The essay—with its emphasis on the provisional and explorative rather than on definitive statements—has evolved from its literary beginnings and is now found in all mediums, including film. Today, the essay film is, arguably, one of the most widely acclaimed and critically discussed forms of filmmaking around the world, with practitioners such as Chris Marker, Hito Steyerl, Errol Morris, Trinh T. Minh-ha, and Rithy Panh. Characteristics of the essay film include the blending of fact and fiction, the mixing of art- and documentary-film styles, the foregrounding of subjective points of view, a concentration on public life, a tension between acoustic and visual discourses, and a dialogic encounter with audiences. This anthology of fundamental statements on the essay film offers a range of crucial historical and philosophical perspectives. It provides early critical articulations of the essay film as it evolved through the 1950s and 1960s, key contemporary scholarly essays, and a selection of writings by essay filmmakers. It features texts on the foundations of the essay film by writers such as Hans Richter and André Bazin; contemporary positions by, among others, Phillip Lopate and Michael Renov; and original essays by filmmakers themselves, including Laura Mulvey and Isaac Julien.
In the essay " On the Nature of Culture , " Simmel claims that we have an unreflective habit of ascribing cultural value to the worlds generated by the forms of art , morality , and science . Although they may , in fact , qualify as ...
Kluckhohn had cited her 1938 and 1940 articles (and none of Whorf's) in an essay on the nature of culture in a prominent postwar anthropological collection, quoting: "Grammar contains in crystallized form the accumulated and ...
Author: Dell H. Hymes
Publisher: John Benjamins Publishing
Category: Language Arts & Disciplines
Anthropology and linguistics, as historically developing disciplines, have had partly separate roots and traditions. In particular settings and in general, the two disciplines have partly shared, partly differed in the nature of their materials, their favorite types of problem the personalities of their dominant figures, their relations with other disciplines and intellectual current. The two disciplines have also varied in their interrelation with each other and the society about them. Institutional arrangements have reflected the varying degrees of kinship, kithship, and separation. Such relationships themselves form a topic that is central to a history of linguistic anthropology yet marginal to a self-contained history of linguistics or anthropology as either would be conceived by most authors. There exists not only a subject matter for a history of linguistic anthropology, but also a definite need.
... knits up the various threads of his essay and finds the unity of Italian culture in these powers of observation . ... These powers of observation were also connected to the appreciation of nature and of natural surroundings .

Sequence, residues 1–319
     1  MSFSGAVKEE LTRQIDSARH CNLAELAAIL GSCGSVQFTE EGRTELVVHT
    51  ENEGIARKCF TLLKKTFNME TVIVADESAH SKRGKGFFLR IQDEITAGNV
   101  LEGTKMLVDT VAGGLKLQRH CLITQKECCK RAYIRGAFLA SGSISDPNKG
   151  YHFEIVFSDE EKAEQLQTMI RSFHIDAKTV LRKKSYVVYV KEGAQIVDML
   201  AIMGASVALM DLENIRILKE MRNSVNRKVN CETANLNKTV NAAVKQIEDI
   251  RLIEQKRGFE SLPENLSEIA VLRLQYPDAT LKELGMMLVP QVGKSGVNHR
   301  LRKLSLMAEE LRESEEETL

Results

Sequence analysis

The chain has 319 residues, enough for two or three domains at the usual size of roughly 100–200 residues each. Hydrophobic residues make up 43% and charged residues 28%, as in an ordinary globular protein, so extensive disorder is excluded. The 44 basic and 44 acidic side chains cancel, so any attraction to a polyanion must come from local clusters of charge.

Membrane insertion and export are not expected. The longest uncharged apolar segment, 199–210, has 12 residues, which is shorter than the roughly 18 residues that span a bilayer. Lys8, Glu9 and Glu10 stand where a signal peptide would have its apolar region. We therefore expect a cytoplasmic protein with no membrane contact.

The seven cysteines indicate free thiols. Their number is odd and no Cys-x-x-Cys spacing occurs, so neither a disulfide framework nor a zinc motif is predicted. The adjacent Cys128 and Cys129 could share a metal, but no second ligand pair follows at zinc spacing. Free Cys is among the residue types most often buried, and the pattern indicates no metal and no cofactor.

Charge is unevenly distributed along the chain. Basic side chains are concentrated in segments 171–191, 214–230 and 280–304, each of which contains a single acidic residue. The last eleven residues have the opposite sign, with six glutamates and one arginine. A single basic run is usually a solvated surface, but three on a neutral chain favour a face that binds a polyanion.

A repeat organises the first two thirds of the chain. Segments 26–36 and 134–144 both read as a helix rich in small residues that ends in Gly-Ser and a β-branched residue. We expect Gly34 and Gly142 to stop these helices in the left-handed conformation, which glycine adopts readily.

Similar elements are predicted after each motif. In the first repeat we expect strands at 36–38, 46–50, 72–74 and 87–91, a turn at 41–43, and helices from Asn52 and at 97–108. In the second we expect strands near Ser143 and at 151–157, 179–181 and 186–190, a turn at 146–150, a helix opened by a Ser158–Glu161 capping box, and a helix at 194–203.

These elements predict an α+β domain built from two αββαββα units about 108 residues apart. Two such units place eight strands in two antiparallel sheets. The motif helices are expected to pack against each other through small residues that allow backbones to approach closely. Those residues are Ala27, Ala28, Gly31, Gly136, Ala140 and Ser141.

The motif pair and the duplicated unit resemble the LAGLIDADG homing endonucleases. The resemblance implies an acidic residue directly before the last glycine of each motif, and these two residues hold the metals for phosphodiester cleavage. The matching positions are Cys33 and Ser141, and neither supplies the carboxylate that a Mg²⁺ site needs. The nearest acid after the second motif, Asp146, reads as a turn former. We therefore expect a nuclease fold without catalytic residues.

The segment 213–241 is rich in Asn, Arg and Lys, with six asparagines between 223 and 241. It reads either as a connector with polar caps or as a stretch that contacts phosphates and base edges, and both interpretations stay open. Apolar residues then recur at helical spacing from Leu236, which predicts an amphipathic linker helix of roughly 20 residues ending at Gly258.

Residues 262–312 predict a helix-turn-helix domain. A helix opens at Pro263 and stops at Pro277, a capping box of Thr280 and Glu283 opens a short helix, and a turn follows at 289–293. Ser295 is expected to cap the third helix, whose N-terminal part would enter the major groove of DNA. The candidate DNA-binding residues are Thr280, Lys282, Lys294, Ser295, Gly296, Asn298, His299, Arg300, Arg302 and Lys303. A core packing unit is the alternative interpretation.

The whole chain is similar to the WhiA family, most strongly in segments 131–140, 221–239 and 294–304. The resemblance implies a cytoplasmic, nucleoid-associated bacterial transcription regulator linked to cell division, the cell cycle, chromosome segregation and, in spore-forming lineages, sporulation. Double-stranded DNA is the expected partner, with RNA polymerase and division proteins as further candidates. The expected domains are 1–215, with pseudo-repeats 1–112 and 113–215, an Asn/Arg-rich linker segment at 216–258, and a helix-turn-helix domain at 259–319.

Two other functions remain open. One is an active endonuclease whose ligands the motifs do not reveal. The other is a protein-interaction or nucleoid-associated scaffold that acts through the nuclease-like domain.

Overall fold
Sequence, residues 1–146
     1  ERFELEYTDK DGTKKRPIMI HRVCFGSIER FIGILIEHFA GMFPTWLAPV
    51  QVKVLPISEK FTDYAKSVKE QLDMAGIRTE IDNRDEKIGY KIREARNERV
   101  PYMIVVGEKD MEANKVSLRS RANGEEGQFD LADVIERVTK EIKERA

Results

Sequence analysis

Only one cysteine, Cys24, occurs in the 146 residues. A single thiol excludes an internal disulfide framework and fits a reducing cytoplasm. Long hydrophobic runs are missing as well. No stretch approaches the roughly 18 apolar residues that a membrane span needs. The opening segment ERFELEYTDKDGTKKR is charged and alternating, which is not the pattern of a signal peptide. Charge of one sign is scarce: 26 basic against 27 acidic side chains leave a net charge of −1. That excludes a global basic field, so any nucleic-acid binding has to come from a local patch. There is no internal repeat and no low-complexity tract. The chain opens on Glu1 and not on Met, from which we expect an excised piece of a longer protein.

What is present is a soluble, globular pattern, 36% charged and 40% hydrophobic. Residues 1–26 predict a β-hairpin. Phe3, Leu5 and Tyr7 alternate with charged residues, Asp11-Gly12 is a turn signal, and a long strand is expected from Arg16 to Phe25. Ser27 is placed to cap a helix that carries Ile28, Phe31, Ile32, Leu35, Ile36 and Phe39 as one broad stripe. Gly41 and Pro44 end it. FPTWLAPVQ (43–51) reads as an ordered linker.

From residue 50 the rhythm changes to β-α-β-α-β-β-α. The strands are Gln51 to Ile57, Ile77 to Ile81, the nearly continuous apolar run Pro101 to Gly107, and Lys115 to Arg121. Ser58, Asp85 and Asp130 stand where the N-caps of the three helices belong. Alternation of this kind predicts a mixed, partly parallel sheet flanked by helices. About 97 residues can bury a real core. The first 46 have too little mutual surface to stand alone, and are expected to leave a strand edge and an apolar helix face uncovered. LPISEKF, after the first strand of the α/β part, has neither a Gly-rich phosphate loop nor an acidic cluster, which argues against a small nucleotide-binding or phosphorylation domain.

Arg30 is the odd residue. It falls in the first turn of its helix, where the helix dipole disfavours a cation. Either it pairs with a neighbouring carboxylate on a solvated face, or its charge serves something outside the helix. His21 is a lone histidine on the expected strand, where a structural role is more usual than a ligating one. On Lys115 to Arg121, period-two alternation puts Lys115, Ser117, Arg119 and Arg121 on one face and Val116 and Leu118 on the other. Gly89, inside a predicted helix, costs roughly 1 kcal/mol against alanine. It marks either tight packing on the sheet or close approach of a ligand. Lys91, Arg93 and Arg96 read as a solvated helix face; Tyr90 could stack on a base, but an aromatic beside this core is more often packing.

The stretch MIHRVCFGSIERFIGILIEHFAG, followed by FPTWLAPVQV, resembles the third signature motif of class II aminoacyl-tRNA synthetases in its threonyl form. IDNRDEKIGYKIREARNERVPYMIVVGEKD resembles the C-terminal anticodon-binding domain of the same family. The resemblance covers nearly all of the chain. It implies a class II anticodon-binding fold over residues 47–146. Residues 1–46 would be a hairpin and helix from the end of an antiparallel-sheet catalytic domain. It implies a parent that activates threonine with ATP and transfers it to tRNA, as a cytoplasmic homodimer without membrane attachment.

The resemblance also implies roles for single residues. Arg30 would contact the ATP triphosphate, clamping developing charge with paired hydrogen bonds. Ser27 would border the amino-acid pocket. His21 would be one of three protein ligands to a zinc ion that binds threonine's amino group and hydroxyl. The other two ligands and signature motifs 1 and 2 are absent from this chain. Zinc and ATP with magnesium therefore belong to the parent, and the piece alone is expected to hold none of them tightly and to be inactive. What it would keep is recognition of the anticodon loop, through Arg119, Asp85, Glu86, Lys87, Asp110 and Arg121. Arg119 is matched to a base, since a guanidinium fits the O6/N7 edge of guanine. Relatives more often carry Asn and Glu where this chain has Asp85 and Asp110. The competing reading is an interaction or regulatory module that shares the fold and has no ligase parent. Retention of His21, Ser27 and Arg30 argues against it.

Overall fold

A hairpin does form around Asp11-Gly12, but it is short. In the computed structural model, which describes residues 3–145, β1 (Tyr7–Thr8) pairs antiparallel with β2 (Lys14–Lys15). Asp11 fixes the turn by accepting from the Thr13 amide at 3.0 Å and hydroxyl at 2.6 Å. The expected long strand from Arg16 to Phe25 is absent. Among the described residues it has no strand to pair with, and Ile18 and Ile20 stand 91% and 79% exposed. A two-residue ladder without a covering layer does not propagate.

This collection opens with an inquiry into the assumptions and methods of the historical study of culture, comparing the new cultural history with the old. Thirteen essays follow, each defining a problem within a particular culture. In the first section, Biography and Autobiography, three scholars explore historically changing types of self-conception, each reflecting larger cultural meanings; essays included examine Italian Renaissance biographers and the autobiographies of Benjamin Franklin and Mohandas Gandhi. A second group of contributors explore problems raised by the writing of history itself, especially as it relates to a notion of culture. Here examples are drawn from the writings of Thucydides, Jacob Burckhardt, and the art historians Alois Riegl and Josef Strzygowski. In the third section, Politics, Nationalism, and Culture, the essays explore relationships between cultural creativity and national identity, with case studies focusing on the Holy Roman Emperor Maximilian I, the place of Castile within the national history of Spain, and the impact of World War I on work of Thomas Mann. The final section, Cultural Translation, raises the complex questions of cultural influence and the transmission of traditions over time through studies of Philo of Alexandria's interpretation of the Hebrew Bible, Erasmus' use of Socrates, Jean Bodin's conception of Roman law, and adaptations of the Hebrew Bible for American children.
The beginning of Cultural Studies feels to us like the New Left politics in another place. ... but exactly the kinds of questions—is the culture changing, what is happening to workingclass culture, what is the nature of affluent ...
Author: Stuart Hall
Publisher: Duke University Press
Category: Social Science
From his arrival in Britain in the 1950s and involvement in the New Left, to founding the field of cultural studies and examining race and identity in the 1990s and early 2000s, Stuart Hall has been central to shaping many of the cultural and political debates of our time. Essential Essays—a landmark two-volume set—brings together Stuart Hall's most influential and foundational works. Spanning the whole of his career, these volumes reflect the breadth and depth of his intellectual and political projects while demonstrating their continued vitality and importance. Volume 2: Identity and Diaspora draws from Hall's later essays, in which he investigated questions of colonialism, empire, and race. It opens with “Gramsci's Relevance for the Study of Race and Ethnicity,” which frames the volume and finds Hall rethinking received notions of racial essentialism. In addition to essays on multiculturalism and globalization, black popular culture, and Western modernity's racial underpinnings, Volume 2 contains three interviews with Hall, in which he reflects on his life to theorize his identity as a colonial and diasporic subject.